This past month, Obama changed his mind, and voted to legalize Bush’s program which shreds the Fourth Amendment protections against unlawful search and seizure. What liberties won’t we sacrifice to win this phantom war on terror?
Obama has moved so far to the center right that I wish I didn’t chase his comet in February’s primary. I still think he is the better option than McCain. Yet I think we can make him better by putting pressure on him, by making demands on him.
For that reason, I’ve been collecting signatures for Ralph Nader this past week or so. Polls show Barack coasting through Connecticut by 20 points. And what does he give us for our unconditional support? Treason with FISA? Warmongering until 2010?
I get bend-the-pen-in-my-hands frustrated when I am out petitioning to get Nader on the ballot and nine of ten refuse to sign. Two of those will say it's because they think signing will hurt Obama’s chances. That is an advanced form of ignorance, and shows how easily manipulated even smart people are.
Understanding there is a winner take all system, no one takes votes from anyone else. All candidates earn their totals. And if you know enough that Ralph Nader got one percent of the vote in Florida in 2000, and Al Gore lost by less than one percent, then you need to take it the next step and stop blaming one man for the failure of our entire civil society to demand that George W. Bush and his henchman fairly count all the votes.
The Bush crime syndicate managed to steal not one but two elections because on average an additional three in ten people I approach for signatures are not registered to vote. They just “don’t pay attention to politics."
Another one of those ten (making it six rejections) will confuse signing petitions with voting. The seventh out of ten will ask “You mean you have to petition to get on the ballot?” The eighth person will ask “Who is Ralph Nader?” The first basemen for the 1972 St. Louis Cardinals?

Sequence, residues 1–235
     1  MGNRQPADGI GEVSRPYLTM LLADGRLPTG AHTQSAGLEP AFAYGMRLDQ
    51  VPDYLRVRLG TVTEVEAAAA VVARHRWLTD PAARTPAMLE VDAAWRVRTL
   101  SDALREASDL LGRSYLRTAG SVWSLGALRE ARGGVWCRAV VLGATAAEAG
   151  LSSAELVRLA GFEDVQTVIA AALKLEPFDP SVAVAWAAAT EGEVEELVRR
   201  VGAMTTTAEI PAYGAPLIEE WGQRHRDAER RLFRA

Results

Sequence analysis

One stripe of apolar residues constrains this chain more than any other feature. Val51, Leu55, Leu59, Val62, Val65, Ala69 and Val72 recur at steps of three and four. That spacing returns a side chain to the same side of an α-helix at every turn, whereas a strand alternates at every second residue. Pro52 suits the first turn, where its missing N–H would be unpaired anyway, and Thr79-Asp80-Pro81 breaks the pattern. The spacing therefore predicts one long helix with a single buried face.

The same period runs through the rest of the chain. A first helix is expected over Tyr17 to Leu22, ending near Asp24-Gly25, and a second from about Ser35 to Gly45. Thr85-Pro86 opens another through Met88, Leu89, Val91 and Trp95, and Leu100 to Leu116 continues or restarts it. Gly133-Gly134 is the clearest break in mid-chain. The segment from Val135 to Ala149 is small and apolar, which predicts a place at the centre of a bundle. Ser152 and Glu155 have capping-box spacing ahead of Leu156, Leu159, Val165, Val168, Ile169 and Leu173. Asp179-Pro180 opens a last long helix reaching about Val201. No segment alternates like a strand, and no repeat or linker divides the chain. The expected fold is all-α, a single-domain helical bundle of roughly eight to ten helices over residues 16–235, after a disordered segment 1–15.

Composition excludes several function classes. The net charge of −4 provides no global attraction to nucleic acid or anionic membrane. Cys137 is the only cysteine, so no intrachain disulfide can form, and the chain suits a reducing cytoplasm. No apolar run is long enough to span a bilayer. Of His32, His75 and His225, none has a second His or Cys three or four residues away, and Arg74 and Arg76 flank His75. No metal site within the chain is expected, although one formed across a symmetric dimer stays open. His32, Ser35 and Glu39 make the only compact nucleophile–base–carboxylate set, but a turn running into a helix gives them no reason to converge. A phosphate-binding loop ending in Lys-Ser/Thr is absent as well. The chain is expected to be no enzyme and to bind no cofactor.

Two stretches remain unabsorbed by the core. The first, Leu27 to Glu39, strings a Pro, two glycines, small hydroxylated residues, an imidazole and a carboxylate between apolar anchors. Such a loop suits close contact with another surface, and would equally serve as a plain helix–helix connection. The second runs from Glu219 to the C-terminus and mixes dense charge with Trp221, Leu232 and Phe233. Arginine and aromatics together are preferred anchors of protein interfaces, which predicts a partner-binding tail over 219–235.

The ninth person may take the clipboard, think for a moment about supporting free speech, ballot access and the right to petition the government for a redress of grievances, then decide that they don’t want to share their birthday or address.
If not that, then there is the joker who signs someone else’s name, or the well-wisher who signs but is not registered, or gives the wrong birthday. They signed to make me feel better.
I could use the pick-me-up, because getting rejected nine of ten times is often disheartening. Having my time wasted on a signature that will be rejected is quite possible worse. A president who demanded a civics curriculum in our schools that taught people about elections, and how we run out government would be good. But the one candidate who does that is having trouble collecting signatures.
So persevere we must, because while Barack and Iraqi prime minister (and U.S.-installed puppet) Nouri Al-Maliki and now maybe even Bush talk about withdrawal in a distant 2010, we need an anti-war candidate on the ballot who demands immediate withdrawal.
Without making demands, we get nothing.